US6043837May 8, 1997Mar 28, 2000Be Here CorporationMethod and apparatus for electronically distributing images from a panoptic camera system
US6101528Nov 28, 1997Aug 8, 2000Intel CorporationMethod and apparatus for discovering server applications by a client application in a network of computer systems
US6102965Aug 21, 1997Aug 15, 2000National Instruments CorporationSystem and method for providing client/server access to graphical programs
US6125383Jun 11, 1997Sep 26, 2000Netgenics Corp.Research system using multi-platform object oriented program language for providing objects at runtime for creating and manipulating biological or chemical data
US6134603Mar 20, 1998Oct 17, 2000Sun Microsystems, Inc.Method and system for deterministic hashes to identify remote methods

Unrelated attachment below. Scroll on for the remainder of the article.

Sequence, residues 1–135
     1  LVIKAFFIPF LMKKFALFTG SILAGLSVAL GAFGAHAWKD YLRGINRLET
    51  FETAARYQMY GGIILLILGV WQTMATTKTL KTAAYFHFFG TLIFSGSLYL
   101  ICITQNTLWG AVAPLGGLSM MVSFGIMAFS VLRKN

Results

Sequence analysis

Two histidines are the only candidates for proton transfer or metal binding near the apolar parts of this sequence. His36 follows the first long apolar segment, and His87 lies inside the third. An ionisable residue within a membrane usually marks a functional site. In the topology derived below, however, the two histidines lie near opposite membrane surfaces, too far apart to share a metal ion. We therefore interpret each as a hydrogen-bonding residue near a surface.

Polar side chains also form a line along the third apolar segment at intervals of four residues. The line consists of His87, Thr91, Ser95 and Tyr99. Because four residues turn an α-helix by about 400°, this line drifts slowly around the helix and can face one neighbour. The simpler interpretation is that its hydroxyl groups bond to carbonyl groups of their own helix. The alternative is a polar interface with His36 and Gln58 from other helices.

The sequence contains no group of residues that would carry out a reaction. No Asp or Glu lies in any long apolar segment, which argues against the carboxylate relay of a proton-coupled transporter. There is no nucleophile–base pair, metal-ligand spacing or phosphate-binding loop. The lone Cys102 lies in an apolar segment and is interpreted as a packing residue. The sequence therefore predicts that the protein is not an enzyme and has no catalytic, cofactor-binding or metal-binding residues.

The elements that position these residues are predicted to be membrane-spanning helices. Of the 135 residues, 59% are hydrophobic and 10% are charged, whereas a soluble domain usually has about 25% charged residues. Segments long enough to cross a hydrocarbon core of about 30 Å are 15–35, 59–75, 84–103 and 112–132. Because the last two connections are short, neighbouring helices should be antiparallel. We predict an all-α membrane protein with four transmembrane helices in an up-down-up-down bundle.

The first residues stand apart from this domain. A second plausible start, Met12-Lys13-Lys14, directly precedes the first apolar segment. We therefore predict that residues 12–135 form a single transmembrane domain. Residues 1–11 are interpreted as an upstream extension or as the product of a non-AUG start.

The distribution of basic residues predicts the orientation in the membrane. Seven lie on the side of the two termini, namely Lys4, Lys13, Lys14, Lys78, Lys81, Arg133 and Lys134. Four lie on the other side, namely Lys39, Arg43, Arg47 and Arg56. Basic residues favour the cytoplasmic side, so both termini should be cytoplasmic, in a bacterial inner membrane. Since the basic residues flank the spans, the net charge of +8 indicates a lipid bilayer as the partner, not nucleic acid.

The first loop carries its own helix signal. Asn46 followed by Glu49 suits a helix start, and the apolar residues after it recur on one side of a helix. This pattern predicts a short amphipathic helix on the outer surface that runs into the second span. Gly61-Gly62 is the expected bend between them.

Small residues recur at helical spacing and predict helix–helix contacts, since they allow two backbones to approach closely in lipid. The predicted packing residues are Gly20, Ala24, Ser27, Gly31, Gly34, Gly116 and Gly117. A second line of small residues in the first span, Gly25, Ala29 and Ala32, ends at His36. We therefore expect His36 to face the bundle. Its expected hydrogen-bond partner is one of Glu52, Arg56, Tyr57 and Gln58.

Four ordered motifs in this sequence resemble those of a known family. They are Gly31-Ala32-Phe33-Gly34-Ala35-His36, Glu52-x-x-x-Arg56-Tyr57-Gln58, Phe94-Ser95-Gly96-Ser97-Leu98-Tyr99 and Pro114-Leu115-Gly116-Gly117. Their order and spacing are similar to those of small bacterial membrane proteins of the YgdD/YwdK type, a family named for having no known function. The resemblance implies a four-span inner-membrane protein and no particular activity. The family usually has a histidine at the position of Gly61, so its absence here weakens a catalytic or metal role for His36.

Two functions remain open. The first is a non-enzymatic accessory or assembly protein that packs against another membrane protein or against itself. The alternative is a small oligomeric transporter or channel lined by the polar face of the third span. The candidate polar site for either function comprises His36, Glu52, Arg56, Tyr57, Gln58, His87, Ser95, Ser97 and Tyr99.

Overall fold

US6223217Oct 26, 1998Apr 24, 2001Object Technology Licensing CorporationDistributed object networking service
US6236999Sep 23, 1999May 22, 2001Bea Systems, Inc.Duplicated naming service in a distributed processing system
US6314468Dec 16, 1998Nov 6, 2001Mci Worldcom, Inc.System and method for managing transmission of electronic data between trading partners
US7017014Jan 28, 2003Mar 21, 2006International Business Machines CorporationMethod, system and program product for maintaining data consistency across a hierarchy of caches
US7047518 *Oct 4, 2001May 16, 2006Bea Systems, Inc.System for software application development and modeling
US7067784Sep 24, 1999Jun 27, 2006Qinetiq LimitedProgrammable lens assemblies and optical systems incorporating them
US20010013050Dec 20, 2000Aug 9, 2001Shah Niraj A.Buddy list aggregation
US20010055303Apr 4, 2001Dec 27, 2001Crosskeys Systems CorporationBandwidth control system
US20020035591Sep 4, 2001Mar 21, 2002Kabushiki Kaisha ToshibaInformation processing apparatus and method